Using trees to cool both cities and non-urban areas was presented as a tool for climate adaptation in part one of this blog. While trees have been known for their cooling effects for some time, forests have been protected in parts of Europe for hundreds of years due to the effect they were also observed to have on local climates. It's not just temperature that trees effect, however, it's also rainfall.
Trees change the way in which both liquid and gaseous water moves through landscapes, transporting water quickly into deeper parts of the soil profile and back out again. Infiltration beneath trees is in fact much higher than under surrounding grasslands, with infiltration under eucalypts in excess of 140 mm per hour on fine-grained (clay) soils. This is compared to coarse textured soils under crop lands, where infiltration only reaches 2 to 23 mm per hour, and fine textured soils under crop where infiltration is zero to 8 mm per hour.
Despite the lower infiltration rate, agricultural soils tend to have higher moisture compared to forested areas because they need more water than crops.
It is counter-intuitive to think of trees as useful in agricultural areas if they both move water below the depths which crops can use and use more soil moisture. However, evidence suggests that in some parts of the globe the climate and land-use are tightly coupled―that is the climate is closely linked to land-use and land-use is closely linked to the climate. In these areas, including both south-eastern Australia and Western Australia, trees are important drivers of local climate conditions including rainfall. Trees drive the climate by transporting groundwater inaccessible to grasses and crops back into the atmosphere in a process called evapotranspiration. This groundwater could otherwise be lost to the biosphere for hundreds of thousands of years, only becoming available to plants and animals again once it is discharged again at the ground surface.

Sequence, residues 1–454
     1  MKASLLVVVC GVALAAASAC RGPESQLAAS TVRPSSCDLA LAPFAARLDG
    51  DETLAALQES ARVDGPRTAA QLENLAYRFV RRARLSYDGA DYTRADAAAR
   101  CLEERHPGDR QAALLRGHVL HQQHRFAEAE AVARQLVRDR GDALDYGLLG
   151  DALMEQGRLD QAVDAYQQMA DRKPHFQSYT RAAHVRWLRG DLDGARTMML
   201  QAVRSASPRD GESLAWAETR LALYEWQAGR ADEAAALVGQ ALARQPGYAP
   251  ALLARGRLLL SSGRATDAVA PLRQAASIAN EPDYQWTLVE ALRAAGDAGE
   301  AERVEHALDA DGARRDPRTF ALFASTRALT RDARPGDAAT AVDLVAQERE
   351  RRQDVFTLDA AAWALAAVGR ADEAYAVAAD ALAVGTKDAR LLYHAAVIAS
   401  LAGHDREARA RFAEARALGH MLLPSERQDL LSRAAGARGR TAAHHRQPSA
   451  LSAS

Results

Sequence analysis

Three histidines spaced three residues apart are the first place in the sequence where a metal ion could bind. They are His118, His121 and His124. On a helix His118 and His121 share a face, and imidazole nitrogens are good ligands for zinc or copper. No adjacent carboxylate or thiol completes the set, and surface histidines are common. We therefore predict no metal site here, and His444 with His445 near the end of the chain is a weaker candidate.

There's also evidence to suggest trees effect the climate by drawing moist air from coastal areas inland in a phenomenon called a biotic pump. This is through the formation of low-pressure zones above forests when they photosynthesise. These low-pressure zones then draw moist air. Biotic pumps differ from evapotranspiration as it means moisture is transported to, rather than recycled within environments. Analysis of this phenomenon across continents indicates that in the absence of forests, precipitation decreases from coastal areas inland. Where forest is present precipitation remains constant during periods of photosynthesis.
Since colonisation, 1.2 million km2 (13%) of Australia has been deforested, with this land clearance more intense in some regions than in others. Decreases in rainfall have already been attributed to this deforestation. For example, around 90% of the forest in Western Australia was cleared between 1950 and 1980. The scientists who investigated this decrease attributed between 55 and 62% of rainfall reduction in Western Australia to this land clearance.
It is well known that land-clearance in Australia affected biodiversity decline and caused widespread erosion. Yet, it is less well known that the very trees cleared to allow agricultural production also previously brought the rain on which the agriculture depends. How tree replanting may reverse these effects and potentially draw water inland from the oceans or generate clouds from groundwater drawn from deep within soils is not yet known.
We at Murrang Earth Sciences are working to understand whether revegetating the landscape will alter both rainfall and temperatures in local climates, and if so, how much would we have to plant for this to happen. We are investigating whether there are areas in which trees would cause more cooling or rainfall than others and whether we can even understand this with the science available. Whatever the answers, our aim is to develop solutions for people to act for themselves to mitigate the effects of the global climate change on their environment, agriculture, livelihood, and backyard.